1. In dealing with the request to reopen the oral procedure, referred to in paragraph 389, having again heard the views of the Advocate General, the Court of First Instance considered, at paragraph 390, that it was not necessary to order the reopening of the oral procedure in accordance with Article 62 of its Rules of Procedure or to order measures of inquiry as requested by Monte.

  1. At paragraph 391 of the grounds of the judgment the Court of First Instance held as follows:

“It must be stated that the judgment delivered in the abovementioned cases (judgment of 27 February 1992 in Joined Cases T-79/89, T-84/89 to T-86/89, T-89/89, T-91/89, T-92/89, T-94/89, T-96/89, T-98/89, T-102/89 and T-104/89 BASF and Others v Commission [1992] ECR II-315) does not in itself justify the reopening of the oral procedure in this case. The Court observes that a measure which has been notified and published must be presumed to be valid. It is thus for a person who seeks to allege the lack of formal validity or the non-existence of a measure to provide the Court with grounds enabling it to look behind the apparent validity of the measure which has been formally notified and published. In this case the applicants have not put forward any evidence to suggest that the measure notified and published had not been approved or adopted by the members of the Commission acting as a college. In particular, in contrast to the PVC cases (judgment in Joined Cases T-79/89, T-84/89 to T-86/89, T-89/89, T-91/89, T-92/89, T-94/89, T-96/89, T-98/89, T-102/89 and T-104/89, cited above, paragraph 32 et seq.), the applicants have not put forward any evidence that the principle of the inalterability of the adopted measure was infringed by a change to the text of the Decision after the meeting of the College of Commissioners at which it was adopted.”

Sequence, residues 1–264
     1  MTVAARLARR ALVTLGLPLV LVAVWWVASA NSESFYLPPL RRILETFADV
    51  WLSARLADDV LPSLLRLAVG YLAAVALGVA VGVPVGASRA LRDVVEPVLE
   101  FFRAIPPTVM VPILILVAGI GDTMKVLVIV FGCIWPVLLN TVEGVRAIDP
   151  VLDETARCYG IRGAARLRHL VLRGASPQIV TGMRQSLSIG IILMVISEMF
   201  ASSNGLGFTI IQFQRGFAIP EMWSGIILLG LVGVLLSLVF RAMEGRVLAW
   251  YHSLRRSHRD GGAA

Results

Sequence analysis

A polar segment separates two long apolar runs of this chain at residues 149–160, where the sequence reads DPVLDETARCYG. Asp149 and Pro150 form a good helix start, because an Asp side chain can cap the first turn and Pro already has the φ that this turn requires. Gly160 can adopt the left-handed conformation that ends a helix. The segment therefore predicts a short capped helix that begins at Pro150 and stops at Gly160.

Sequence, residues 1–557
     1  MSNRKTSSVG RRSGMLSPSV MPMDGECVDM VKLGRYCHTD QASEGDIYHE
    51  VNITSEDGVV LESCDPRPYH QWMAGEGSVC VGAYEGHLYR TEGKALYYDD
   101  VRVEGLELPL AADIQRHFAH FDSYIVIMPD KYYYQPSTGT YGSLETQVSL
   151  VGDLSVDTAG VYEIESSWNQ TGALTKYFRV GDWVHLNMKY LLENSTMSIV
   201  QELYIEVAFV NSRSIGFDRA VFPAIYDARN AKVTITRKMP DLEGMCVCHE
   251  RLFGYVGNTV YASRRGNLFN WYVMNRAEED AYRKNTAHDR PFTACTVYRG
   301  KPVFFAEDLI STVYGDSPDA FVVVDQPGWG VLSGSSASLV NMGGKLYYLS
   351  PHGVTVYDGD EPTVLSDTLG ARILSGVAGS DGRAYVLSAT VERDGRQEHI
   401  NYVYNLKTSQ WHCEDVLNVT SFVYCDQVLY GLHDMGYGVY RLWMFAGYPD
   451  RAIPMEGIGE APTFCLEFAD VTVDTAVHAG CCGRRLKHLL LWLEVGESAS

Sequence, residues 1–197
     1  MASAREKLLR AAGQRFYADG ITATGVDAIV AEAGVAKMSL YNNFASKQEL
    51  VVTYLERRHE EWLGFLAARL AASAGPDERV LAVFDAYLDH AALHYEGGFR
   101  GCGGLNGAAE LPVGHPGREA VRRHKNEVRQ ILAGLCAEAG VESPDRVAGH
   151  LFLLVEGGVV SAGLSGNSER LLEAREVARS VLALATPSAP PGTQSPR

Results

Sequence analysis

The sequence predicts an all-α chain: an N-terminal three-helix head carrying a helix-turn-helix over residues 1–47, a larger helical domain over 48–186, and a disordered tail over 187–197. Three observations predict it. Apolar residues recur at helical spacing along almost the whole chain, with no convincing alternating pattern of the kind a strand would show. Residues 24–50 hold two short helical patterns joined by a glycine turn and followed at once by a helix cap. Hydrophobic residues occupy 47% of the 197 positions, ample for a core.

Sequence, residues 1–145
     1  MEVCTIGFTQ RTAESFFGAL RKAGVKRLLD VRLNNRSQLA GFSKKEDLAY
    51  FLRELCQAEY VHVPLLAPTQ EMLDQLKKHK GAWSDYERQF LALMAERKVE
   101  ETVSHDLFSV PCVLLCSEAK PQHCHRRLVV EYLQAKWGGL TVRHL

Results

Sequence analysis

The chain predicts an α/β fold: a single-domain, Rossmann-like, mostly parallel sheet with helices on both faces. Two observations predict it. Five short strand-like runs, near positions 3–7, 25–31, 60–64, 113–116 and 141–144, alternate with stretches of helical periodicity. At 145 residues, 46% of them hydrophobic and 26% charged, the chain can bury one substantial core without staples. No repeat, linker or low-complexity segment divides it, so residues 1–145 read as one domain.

1. The Court of First Instance dismissed the application and ordered Monte to pay the costs.

The application for revision and the order of the Court of First Instance

  1. On 11 June 1992 Monte lodged an application for revision of the contested judgment at the Registry of the Court of First Instance, pursuant to Article 41 of the EC Statute of the Court of Justice and Article 125 of the Rules of Procedure of the Court of First Instance.

  1. By order of 4 November 1992 in Case T-14/89 REV Montecatini v Commission [1992] ECR II-2409, the Court of First Instance dismissed the application for revision as inadmissible.

The appeal

  1. In its appeal Monte requests the Court of Justice:

- first, to declare the appeal admissible;

- principally, to annul in full the contested judgment and to refer the case back to another Chamber of the Court of First Instance for a fresh examination of the facts, where that was omitted, and application of the proper principles of law where they were infringed:

- in the alternative, partially to annul the contested judgment with referral as above;

- in any event, order the Commission to pay the costs in relation to the proceedings before both Courts.

  1. By order of the Court of Justice of 30 September 1992, DSM NV (“DSM') was given leave to intervene in support of the orders sought by Monte. DSM requests the Court to:

- annul the contested judgment;

- declare the Polypropylene Decision non-existent or annul it;

- declare the Polypropylene Decision non-existent or annul it as regards all addressees of that decision, or at least as regards DSM, irrespective of whether or not those addressees appealed against the judgment concerning them, or whether or not their appeals were rejected;